Despite months of plummeting dairy commodity prices, it will still cost you about $14 for a block of cheese and a pound of butter.
The Statistics New Zealand food price index for January showed the cost of food was up 0.8 per cent, with the high prices of some vegetables and fruit driving the increase.
There has been little change, however, for the cost of a 1kg block of mild cheddar cheese and 500g of butter, despite whole-milk powder prices in Fonterra's online auctions sliding more than 50 per cent since last July.
It now costs $10.51 for a 1kg block of mild cheddar cheese - a drop from $11.19 in September last year.
A 500g block of butter, which was $3.80 in September, now costs $3.63.
Fonterra brands managing director Philip McClure said prices for both had "softened" but he blamed rising costs of raw materials and global commodity prices for the dairy staples maintaining their high prices.
He said Fonterra also did not pass all of the costs on to its customers.
"We absorbed cost increases ... so it would be wrong to expect a massive correction in the market as we never passed on the peak prices."
Mr McClure said Fonterra had cheese and butter inventory that was bought between six and nine months ago when its commodity price was more than double historical averages.
"So it will take some time for this product to flow through the market."
Foodstuffs general manager retail Murray Jordan said there was evidence prices had gone down and they could go lower still. But he said retailers were waiting on a reduction in cost price from their suppliers.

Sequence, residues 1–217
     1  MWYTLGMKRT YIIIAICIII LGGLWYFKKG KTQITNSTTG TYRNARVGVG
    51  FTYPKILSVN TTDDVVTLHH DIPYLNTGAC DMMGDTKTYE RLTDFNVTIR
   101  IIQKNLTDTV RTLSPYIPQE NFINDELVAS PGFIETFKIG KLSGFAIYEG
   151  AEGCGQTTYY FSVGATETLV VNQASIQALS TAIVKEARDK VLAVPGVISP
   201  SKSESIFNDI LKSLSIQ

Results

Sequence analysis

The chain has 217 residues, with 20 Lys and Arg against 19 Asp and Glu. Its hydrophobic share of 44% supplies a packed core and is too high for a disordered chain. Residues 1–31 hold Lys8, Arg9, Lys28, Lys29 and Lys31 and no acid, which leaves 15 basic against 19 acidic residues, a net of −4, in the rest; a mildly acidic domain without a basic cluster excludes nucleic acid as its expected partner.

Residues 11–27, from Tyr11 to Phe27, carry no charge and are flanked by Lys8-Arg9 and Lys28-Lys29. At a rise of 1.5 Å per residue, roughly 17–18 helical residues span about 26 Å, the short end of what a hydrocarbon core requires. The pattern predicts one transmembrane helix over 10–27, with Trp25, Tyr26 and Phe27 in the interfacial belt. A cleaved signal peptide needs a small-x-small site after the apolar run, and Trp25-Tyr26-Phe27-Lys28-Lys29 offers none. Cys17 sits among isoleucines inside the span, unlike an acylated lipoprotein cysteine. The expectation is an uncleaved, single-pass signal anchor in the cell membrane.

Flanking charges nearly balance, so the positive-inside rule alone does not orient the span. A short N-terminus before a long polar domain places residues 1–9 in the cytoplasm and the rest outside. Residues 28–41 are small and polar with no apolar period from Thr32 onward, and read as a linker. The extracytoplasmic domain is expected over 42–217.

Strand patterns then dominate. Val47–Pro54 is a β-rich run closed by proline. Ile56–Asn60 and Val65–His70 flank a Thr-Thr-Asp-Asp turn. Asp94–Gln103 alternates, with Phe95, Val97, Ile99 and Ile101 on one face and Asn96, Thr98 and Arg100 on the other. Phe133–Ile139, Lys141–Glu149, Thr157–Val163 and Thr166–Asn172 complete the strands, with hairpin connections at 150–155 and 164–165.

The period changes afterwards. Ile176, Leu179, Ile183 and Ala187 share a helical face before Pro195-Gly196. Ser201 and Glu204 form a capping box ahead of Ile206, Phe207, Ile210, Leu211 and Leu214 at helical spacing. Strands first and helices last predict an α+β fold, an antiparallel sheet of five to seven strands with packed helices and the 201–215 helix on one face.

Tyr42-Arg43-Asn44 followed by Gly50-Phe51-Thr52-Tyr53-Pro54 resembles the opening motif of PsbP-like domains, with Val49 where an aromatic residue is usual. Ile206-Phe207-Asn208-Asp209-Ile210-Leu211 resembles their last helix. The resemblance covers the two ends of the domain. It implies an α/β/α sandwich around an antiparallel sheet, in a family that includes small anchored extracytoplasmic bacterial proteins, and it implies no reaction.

"I can assure you we will be passing these reductions on to our consumers when we get them," he said.
Consumer NZ spokeswoman Belinda Allan said it was "disappointing" prices for cheese and butter were at similar levels to December 2007.
She said a drop in petrol prices since last year's highs had not been mirrored in a drop in food prices.
"Taking into account that international milk powder prices have nearly halved we're disappointed that these cuts haven't translated into cheaper prices at the checkout," she said.
Meanwhile, children may be thankful the cost of broccoli surged 45 per cent but their parents may not be happy the cost of making salads increased, with tomatoes and kiwifruit up almost 50 per cent in January.
The cost of the perennial favourites - the meat pie or a serving of fish and chips - remained virtually the same.
Sober drivers paid 2.7 per cent more for their non-alcoholic beverages and restaurant diners coughed up 0.4 per cent more to eat out.
Partially offsetting the rise was a drop in the cost of cabbage, down 24.4 per cent, and apples, which fell 11.4 per cent.
Statistics New Zealand Food Price Index from December to January 2009:
* 1kg tomatoes: 49.6 per cent
* 1kg kiwifruit: 48 per cent
* 1kg broccoli: 45 per cent
* Soft drinks: 7.1 per cent
* 1kg cabbage: 24.4 per cent
* 1kg apples: 11.4 per cent
* 1kg carrots: 11.1 per cent
* 1kg lamb chops: 9.5 per cent
* 250g chocolate: 7.3 per cent
LITTLE OR NO CHANGE
* 1kg block of mild cheddar cheese: $10.51 (no change)
* 500g of salted butter: $3.65 to $3.63
* Two litres of homogenised milk: $3.33 to $3.31
* One fish and chips: $5.19 to $5.24
* Meat pie: $3.15 (no change)